The hard seltzer category has come a long way since its inception in 2013. What was once a market comprised of only a few brands and a narrow consumer base, hard seltzer has risen through the ranks, gaining more and more shelf space in retailers around the globe. As of July 2019, hard seltzer commanded a $550 million market share. By 2021, some analysts predict the category could grow to a $2.5 billion industry.
Hard seltzer’s exponential rise to pool-side stardom can be attributed to how brands have been able to successfully market to new consumers. While these alcohol-infused waters were once thought of as a drink for women and millennials, hard seltzer has attracted new consumers in search of a healthy alternative to the traditional six packs of beer found towering in their local grocer’s cooler aisle. “Hard seltzer sales in the U.S. have taken off in part by aligning with consumer interest in health and wellness,” stated Danelle Kosmal, VP of beverage alcohol for Nielsen. With the recent rise in popularity among low-ABV beverages, it’s no wonder that hard seltzer has struck a chord among consumers looking to cut calories and minimize the effects of alcohol.
While traditional hard seltzer brands continue to lead the charge into retailers around the country, beer manufacturers have jumped into the ring as well. Anheuser-Busch, among others, is now seeing the inescapable value in brewing more than just beer. “With seltzer penetration at 10%, we decided to lend the name of the most recognizable brand in the category to a seltzer,” said Mike Potthoff, VP of large format for Anheuser-Busch. At the beginning of 2018, consumers had a choice between 10 different hard seltzer brands. As of June 2020, there are more than 65 brands vying for consumer dollars.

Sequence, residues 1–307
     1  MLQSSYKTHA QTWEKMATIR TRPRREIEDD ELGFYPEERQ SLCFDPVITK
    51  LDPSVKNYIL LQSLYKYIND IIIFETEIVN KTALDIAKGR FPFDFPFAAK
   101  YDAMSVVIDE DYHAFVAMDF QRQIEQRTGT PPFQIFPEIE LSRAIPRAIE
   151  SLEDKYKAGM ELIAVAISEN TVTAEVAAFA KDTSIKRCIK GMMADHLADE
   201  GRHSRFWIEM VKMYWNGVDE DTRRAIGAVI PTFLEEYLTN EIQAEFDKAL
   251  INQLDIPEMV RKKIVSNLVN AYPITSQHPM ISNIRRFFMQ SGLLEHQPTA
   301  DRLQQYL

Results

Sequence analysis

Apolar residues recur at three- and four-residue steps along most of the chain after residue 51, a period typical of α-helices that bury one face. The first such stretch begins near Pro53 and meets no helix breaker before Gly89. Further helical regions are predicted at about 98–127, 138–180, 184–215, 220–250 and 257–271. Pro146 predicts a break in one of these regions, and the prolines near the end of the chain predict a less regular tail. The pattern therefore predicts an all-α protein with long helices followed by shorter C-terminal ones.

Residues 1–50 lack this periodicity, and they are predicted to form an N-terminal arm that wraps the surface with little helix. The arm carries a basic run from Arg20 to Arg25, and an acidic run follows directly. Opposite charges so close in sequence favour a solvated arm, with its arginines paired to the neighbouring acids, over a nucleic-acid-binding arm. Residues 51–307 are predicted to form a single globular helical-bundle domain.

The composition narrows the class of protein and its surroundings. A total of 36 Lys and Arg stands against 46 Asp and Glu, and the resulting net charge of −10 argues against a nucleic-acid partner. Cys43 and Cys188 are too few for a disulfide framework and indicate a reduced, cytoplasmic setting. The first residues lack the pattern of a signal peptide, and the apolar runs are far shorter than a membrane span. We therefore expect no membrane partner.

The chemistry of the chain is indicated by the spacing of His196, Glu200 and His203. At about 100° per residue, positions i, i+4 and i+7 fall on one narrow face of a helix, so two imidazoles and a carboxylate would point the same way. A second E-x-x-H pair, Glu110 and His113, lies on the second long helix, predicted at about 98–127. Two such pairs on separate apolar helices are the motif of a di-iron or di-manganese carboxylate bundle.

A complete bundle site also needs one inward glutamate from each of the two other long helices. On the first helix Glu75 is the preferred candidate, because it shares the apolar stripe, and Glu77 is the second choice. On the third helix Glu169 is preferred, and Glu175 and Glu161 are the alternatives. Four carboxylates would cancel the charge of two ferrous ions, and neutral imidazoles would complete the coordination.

According to market research from Nielsen, hard seltzer boomed this past Fourth of July, recording $1.16 million in off-premise sales (the category’s biggest sales number to date). This milestone, however, was not unique to just Independence Day. “The week ending June 13, 2020, represented the fourth consecutive week during which hard seltzer drove more than $100 million in retail off-premise dollar sales, and the 10th consecutive week during which annual retail hard seltzer dollar sales increased by at least $50 million,” reports Nielsen.
The hard seltzer bubble remains on the rise thanks to differentiation in price points, expanding flavors, and a myriad of new brands entering the market. Health and wellness propositions unlocked the hard seltzer floodgates, and now it’s up to brands to find creative ways to thrive in what has become a highly competitive landscape.